More Americans are taking to the skies this summer than there are empty seats on planes, pushing up ticket prices as airlines struggle with, as well as .
Flights with American Airlines, Delta Air Lines and United Airlines – the three largest domestic carriers –for the week ended May 23, compared to a year earlier, according to an analysis by Cowen, a financial services firm. Cowan tracked almost 300 routes across four different carrier fare categories using data from Harrell Associates, a New York-based company that tracks airline pricing trends.
A report from the Mastercard Institute of Economics shows that consumers are booking domestic and international travel at a rate not seen before the pandemic. By the end of April, flight bookings were up 25% from pre-pandemic levels, with the report noting an “unprecedented surge” in international travel based on anonymous spending data from.
“Capacity is tense”
Another challenge for airlines: managing rising labor costs. Industry wages as a percentage of sales rose to 22%, according to Mastercard. Landing fees, maintenance and repair costs and other operating costs are also increased.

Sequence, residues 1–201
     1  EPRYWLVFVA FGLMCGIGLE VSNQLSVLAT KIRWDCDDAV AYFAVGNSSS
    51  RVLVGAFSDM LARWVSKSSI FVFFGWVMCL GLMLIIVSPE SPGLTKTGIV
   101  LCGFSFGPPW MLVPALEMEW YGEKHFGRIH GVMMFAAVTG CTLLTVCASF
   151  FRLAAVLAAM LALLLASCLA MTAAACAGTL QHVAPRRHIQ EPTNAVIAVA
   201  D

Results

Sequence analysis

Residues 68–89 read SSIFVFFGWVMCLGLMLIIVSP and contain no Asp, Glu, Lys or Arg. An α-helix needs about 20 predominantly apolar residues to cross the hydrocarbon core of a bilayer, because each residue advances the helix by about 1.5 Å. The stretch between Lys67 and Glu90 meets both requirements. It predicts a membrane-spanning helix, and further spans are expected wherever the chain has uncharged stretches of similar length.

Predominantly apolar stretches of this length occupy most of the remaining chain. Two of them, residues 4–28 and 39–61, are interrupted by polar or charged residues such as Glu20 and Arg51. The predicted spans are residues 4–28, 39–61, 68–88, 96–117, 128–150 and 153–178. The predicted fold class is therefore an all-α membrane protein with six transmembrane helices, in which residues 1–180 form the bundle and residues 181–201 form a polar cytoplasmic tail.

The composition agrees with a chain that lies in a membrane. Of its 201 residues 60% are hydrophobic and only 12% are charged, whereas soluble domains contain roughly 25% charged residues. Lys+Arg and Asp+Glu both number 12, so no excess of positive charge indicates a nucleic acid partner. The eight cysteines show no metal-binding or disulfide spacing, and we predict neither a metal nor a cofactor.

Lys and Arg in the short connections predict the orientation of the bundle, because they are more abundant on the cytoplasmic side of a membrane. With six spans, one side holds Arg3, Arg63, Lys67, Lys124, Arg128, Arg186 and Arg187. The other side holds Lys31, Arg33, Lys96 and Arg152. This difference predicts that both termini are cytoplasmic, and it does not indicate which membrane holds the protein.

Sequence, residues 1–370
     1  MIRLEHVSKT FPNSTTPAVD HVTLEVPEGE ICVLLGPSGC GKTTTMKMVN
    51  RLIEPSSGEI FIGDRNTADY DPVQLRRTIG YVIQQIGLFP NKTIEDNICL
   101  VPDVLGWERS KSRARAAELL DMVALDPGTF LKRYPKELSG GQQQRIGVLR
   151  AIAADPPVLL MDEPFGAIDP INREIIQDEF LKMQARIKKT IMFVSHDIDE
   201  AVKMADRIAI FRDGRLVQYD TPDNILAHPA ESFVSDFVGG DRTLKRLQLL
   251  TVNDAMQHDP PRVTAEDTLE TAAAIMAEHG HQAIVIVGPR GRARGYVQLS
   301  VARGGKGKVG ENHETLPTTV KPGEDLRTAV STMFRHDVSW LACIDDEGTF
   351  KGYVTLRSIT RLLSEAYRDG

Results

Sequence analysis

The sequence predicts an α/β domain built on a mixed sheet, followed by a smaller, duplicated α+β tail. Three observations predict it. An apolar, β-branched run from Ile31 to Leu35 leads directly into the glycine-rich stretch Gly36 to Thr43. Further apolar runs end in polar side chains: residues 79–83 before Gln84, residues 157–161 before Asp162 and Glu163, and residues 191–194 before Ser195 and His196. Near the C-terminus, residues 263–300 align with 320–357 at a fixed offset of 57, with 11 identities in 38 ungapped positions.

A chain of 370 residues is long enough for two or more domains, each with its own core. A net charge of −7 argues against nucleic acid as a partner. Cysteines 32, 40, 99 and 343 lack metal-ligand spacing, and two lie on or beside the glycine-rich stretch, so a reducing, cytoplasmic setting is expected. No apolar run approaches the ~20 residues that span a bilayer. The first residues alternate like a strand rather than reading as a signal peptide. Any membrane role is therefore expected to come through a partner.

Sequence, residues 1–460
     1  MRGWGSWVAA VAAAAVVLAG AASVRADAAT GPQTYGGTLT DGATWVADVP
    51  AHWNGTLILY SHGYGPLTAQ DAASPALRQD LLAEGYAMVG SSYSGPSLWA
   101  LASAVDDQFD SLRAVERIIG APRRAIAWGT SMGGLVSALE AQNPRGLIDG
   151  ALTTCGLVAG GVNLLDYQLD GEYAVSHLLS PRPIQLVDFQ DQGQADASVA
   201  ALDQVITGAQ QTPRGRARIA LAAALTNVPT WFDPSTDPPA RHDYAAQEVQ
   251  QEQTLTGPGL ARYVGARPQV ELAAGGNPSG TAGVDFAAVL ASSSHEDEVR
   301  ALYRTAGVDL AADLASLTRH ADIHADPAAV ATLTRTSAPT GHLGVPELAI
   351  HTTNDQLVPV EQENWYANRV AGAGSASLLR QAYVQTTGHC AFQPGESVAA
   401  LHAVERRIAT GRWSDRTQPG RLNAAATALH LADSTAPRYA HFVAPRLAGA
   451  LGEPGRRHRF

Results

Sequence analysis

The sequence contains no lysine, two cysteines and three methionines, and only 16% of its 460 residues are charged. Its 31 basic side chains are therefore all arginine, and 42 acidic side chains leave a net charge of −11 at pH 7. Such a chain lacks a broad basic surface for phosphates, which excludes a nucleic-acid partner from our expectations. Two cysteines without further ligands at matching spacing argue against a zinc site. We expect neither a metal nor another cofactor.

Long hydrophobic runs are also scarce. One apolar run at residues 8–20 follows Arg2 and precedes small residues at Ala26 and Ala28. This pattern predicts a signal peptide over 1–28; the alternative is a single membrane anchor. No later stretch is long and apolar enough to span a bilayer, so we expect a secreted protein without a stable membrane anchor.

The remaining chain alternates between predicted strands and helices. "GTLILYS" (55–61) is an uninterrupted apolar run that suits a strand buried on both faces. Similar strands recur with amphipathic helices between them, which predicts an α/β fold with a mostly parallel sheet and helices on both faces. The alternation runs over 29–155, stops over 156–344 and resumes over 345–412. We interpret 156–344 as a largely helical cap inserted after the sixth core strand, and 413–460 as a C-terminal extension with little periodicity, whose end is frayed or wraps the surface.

But rising airfare prices “are all driven by airline seat availability and demand,” said Robert Mann, owner of consulting firm RW Mann & Company. “There is some cost pressure, but it usually comes down to airline margins.”
It’s not uncommon for ticket prices to rise by about 30% during the summer months compared to the rest of the year, Mann said.
Airlines continue to recover from the effects of the pandemic, which saw travel virtually come to a halt, as well as addressing operational challenges, including COVID-19 testing requirements before departing passengers traveling to other countries.
“Some of the largest long haul international aircraft are not yet fully deployed and others are not yet available,” Mann said. “Therefore, capacities are overloaded, and demand is excessive, and therefore our prices are rising. It’s just the market’s reaction to the excess of demand over supply.”